When breaking the data down by age, 85 percent of respondents 65 or older didn't have buyer's remorse.
(PRWEB) May 10, 2014
Even first-time home buyers want a property they'll love for a long time.The Federal Savings Bank finds that many in this group don't expect to get everything they want in their first property, but they at least hope to be satisfied. The sad truth is that many current homeowners didn't find a home that they could love despite the test of time. According to recent survey results published on April 24th of more than 2,000 adults by online real estate marketplace Redfin, one in four U.S. homeowners have buyer's remorse. If given the chance to purchase their home again, these Americans would look for greener pastures.
When breaking the data down by age, 85 percent of respondents 65 or older didn't have buyer's remorse. Seventy-two percent of owners between 18 and 64 also felt this way. Given that many retirees upgrade to the type of home they've always wanted once they hit the golden years, their higher rate of satisfaction is not surprising.
Women respondents and those with children younger than 18 in their home also had higher levels of buyer's remorse. In regard to regional differences, respondents in the Midwest (28 percent) and Northeast (27 percent) more often reported that they wouldn't purchase their home again. In the South and West, home regret was at 25 percent and 20 percent, respectively.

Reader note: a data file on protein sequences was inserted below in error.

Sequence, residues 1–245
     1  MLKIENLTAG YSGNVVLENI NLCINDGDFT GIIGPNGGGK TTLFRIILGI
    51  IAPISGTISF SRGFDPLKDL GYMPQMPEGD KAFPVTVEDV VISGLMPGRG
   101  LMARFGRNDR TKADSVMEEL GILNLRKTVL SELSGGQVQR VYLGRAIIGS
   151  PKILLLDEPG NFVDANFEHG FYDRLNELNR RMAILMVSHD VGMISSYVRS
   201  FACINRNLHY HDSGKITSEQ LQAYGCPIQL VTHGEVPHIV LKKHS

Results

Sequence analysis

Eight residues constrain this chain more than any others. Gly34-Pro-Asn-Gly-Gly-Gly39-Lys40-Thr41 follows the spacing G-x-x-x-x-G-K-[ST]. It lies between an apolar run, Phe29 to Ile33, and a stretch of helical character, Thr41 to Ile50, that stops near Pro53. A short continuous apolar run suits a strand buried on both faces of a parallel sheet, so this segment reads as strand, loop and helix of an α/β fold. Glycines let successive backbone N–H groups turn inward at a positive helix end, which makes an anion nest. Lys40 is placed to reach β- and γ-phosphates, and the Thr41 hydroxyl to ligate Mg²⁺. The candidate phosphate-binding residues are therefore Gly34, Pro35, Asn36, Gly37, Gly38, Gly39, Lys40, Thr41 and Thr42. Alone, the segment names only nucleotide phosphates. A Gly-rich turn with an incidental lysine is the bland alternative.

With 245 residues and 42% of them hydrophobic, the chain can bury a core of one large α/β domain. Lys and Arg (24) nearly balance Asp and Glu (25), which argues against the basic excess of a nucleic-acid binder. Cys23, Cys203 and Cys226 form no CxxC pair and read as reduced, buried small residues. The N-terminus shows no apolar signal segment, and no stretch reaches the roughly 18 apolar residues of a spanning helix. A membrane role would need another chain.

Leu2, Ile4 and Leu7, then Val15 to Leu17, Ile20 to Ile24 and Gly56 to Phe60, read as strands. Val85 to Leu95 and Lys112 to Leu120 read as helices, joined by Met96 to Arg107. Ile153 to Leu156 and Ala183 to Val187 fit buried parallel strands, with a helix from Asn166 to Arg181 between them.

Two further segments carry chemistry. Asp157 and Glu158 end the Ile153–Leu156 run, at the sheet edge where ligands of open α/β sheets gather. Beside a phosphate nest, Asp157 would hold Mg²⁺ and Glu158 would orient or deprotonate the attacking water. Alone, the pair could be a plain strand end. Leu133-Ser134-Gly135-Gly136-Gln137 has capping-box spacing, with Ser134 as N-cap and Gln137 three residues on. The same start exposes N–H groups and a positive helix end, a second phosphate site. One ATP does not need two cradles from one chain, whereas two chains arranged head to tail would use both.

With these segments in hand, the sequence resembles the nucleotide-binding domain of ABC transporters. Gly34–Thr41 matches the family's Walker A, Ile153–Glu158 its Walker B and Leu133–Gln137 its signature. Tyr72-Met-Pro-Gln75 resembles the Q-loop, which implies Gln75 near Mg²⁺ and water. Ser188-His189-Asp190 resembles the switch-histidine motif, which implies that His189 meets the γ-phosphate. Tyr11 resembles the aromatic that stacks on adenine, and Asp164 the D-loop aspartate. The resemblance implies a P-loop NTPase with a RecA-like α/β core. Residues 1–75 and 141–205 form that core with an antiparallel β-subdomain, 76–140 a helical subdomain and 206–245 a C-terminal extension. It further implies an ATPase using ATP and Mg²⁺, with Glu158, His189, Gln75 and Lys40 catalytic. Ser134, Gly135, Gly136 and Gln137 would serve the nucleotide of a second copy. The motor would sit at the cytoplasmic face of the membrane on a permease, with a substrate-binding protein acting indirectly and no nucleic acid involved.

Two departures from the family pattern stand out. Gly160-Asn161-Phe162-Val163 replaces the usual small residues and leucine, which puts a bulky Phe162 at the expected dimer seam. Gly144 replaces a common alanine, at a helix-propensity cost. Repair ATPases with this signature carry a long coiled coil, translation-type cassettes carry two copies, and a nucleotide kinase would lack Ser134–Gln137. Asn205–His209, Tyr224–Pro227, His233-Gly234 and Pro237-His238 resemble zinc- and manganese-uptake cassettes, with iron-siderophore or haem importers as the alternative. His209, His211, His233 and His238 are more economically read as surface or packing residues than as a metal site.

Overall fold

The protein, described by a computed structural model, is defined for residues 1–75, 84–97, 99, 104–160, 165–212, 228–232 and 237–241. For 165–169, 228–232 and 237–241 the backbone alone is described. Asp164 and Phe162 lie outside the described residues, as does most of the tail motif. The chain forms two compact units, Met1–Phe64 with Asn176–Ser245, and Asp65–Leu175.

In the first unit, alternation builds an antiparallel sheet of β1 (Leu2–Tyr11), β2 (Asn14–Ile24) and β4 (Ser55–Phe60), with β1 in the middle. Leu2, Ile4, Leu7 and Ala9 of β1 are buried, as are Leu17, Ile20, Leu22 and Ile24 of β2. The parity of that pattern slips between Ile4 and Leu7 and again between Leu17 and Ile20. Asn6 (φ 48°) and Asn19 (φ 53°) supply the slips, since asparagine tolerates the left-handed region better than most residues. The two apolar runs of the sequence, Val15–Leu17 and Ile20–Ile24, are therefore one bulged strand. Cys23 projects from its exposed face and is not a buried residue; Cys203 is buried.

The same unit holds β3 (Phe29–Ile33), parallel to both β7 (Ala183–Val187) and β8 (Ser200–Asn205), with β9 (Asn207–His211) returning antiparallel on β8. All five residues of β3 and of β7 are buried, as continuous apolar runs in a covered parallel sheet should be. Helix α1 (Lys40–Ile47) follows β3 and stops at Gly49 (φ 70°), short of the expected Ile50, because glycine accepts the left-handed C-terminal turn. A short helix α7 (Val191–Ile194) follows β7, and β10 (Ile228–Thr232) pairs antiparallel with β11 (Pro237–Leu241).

Tips for avoiding buyer's regret
A new home purchase should be a joyous occasion for much longer than the day you move in. Here are some steps to follow if you want to avoid buyer's remorse:
Redfin suggested that home buyers work with a real estate agent. Given the competitive nature of the current market and fast-moving sales, buyers can often jump at the first available property that meets a few of their needs. Agents are there to turn you away from bad impulse purchases.
A competitive attitude can be ones downfall if their only goal is winning the home rather than getting a property they want. Keep in mind that if the home's features or price, which can escalate after several bids, don't fit, winning isn't as important.
Be sure to visit the house more than once and examine each room. Check out the property at different times of the day to get a different perspective. If it has a garage, one might even consider testing the width and height to see if the vehicle will fit. Keep in mind that no detail is too small to be absolved of scrutiny.
Also, try to have a private tour. When viewing the home with a group, you're moving through the property at the selling agent's pace, thereby shortening the time to view the home.
After seeing the home, compare the in-person experience to the photos in the listing ad. For example: note the differences and consider reasons why the storage closet is open and clean in the pictures but locked when you visited.
For information about financing a home that you'll love for years, contact the Federal Savings Bank, a veteran owned bank.